Adoption is a rich and rewarding path to building a family, but it also comes with unique challenges and roadblocks. Whether you are a birth parent, an adoptee or an adoptive parent, you should not face these difficulties alone. An adoption-informed therapist can provide crucial help and support to individuals and families struggling with grief and loss, attachment, identity development and emotion regulation. They are skilled at working with common mental health challenges like anxiety and depression but also understand the context of the problem, treating the root along with the symptoms. They work collaboratively with occupational therapists, doctors, physical therapists and teachers, and they are curious about sensory needs. They can support birth mothers through unresolved grief and loss, guide adoptees in search and reunion and coach adoptive parents on ways to manage their child’s behavior while also increasing connection.
How will you know your therapist is adoption-competent? Start by asking these five questions:
Do you treat parents and children together? Adoption therapists know that working with the entire family increases their connection, instills a sense of joy and play and establishes a feeling of safety. An adoption therapist also knows that treatment once a week has limits while a parent who provides daily structure, routine and nurturing can make the biggest strides toward healing a child. An adoption-competent therapist understands trauma and how it is related to adoption across the adoption triad. A child adopted at birth or soon after can suffer the effects of complex developmental trauma. A competent therapist will know the symptoms and signs along with directive family-based interventions.
How do you work with attachment? Therapists who work in adoption are trained in attachment-based therapies like Theraplay or Dyadic Developmental Psychotherapy. More importantly, they use it as a lens for treatment whether they are working with young children and their families, birth parents or adult adoptees. Attachment and attachment styles are the building blocks of relationships. Adoption therapists increase children’s ability to attach while also supporting adults as they identify ways their own attachment styles create conflicts and get in the way of healthy partnerships.
What is your experience with transracial families? Adoption therapists are comfortable having uncomfortable conversations. They talk openly about race and facilitate painful conversation. They regularly work with children who are confused about their own identities, who wish they looked like their parents and struggle to find a place of belonging. They also challenge parents who deny their children’s experiences of racism because it hurts them too much to acknowledge it, causing even more harm. Adoption therapists actively explore race, class and privilege and encourage accountability.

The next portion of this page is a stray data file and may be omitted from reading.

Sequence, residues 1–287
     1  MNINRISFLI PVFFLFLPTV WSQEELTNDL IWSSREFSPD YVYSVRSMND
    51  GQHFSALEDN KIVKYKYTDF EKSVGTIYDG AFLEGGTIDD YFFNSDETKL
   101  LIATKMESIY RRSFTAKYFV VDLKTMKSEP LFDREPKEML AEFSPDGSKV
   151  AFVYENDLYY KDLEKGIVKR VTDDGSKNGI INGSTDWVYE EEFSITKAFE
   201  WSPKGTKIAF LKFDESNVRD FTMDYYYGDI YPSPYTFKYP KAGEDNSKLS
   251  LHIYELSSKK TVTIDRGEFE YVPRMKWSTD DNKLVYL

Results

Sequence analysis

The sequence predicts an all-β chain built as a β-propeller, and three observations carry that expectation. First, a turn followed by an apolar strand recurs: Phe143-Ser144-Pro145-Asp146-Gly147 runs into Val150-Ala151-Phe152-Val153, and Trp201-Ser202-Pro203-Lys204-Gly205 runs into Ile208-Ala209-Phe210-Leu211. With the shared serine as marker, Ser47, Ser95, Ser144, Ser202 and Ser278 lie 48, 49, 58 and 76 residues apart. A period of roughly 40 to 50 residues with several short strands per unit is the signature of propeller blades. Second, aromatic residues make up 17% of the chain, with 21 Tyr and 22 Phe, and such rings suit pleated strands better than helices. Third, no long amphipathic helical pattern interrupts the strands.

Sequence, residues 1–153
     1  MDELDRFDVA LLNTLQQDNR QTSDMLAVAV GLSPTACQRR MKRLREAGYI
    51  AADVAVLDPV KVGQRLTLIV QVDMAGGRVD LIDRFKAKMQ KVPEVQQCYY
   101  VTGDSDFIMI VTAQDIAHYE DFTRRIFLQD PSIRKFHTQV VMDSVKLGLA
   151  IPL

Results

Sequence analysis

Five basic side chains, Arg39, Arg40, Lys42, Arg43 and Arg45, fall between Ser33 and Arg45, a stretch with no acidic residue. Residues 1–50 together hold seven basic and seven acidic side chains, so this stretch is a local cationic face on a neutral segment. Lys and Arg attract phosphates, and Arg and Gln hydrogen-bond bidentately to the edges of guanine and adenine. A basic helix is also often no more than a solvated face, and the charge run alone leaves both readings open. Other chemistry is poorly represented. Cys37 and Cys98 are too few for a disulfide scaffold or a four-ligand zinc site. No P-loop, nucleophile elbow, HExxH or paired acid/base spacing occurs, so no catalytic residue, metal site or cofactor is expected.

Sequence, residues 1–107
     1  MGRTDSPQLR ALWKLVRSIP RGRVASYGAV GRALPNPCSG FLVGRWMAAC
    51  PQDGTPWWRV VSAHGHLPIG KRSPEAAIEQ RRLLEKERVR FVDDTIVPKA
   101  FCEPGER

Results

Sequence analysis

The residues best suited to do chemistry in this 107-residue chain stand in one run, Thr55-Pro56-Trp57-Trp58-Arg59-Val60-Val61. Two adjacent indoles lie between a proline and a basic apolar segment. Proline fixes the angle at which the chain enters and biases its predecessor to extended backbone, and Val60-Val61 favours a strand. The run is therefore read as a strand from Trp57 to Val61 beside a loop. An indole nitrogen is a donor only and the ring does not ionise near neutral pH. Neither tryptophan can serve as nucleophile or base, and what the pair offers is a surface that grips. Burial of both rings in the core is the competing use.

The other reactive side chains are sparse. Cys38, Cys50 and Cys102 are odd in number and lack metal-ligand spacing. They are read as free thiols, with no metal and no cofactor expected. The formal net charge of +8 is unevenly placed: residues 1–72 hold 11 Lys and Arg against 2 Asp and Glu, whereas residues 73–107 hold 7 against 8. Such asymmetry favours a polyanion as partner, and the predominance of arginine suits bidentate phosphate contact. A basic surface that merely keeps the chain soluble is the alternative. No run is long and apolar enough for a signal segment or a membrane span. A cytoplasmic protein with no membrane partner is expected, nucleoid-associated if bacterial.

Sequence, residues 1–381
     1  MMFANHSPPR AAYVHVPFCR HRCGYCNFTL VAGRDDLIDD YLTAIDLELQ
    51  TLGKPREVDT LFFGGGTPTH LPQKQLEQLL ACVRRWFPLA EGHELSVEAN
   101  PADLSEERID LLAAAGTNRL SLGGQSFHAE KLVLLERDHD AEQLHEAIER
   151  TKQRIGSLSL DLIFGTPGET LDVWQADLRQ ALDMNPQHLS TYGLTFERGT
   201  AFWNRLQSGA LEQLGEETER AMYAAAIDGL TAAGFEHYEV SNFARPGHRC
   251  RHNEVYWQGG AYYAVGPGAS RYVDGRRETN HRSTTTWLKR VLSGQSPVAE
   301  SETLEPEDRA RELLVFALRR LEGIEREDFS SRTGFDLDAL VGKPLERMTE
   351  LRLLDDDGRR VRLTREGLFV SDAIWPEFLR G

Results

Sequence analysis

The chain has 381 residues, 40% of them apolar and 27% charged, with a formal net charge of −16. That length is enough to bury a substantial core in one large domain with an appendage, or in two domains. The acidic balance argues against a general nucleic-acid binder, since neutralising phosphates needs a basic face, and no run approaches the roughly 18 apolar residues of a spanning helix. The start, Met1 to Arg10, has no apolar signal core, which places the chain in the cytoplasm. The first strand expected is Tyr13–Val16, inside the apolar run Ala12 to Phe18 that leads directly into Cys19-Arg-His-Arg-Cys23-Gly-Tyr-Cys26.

Have adoption practices changed over the past decade? Adoption has changed dramatically over the past 50 years. Open adoptions are more common and DNA testing and the internet have made search and reunion more easily accessible. Adoption therapists don’t just live in adoption as it exists today. They understand that the legacy of secrecy in adoption still lingers, and they work against that legacy, creating safe spaces for birth parents and adoptees to process their grief and loss free of judgement and shame.
What defines success? Adoption impacts adoptees, adoptive parents and birth parents in different ways throughout their lifespans and developmental stages. An adoption therapist may work successfully with a six-year-old on his emotional regulation and then see that six-year-old again when he hits adolescence. An adoption therapist can define success as not only addressing a specific issue but also by managing expectations, keeping the door open for more treatment, as needed. Success should also include community. Adoption can be isolating. Success is connection—birth mothers can heal with other birth mothers and adoptees can find a true sense of belonging when they are, finally, standing in a room with other people just like them.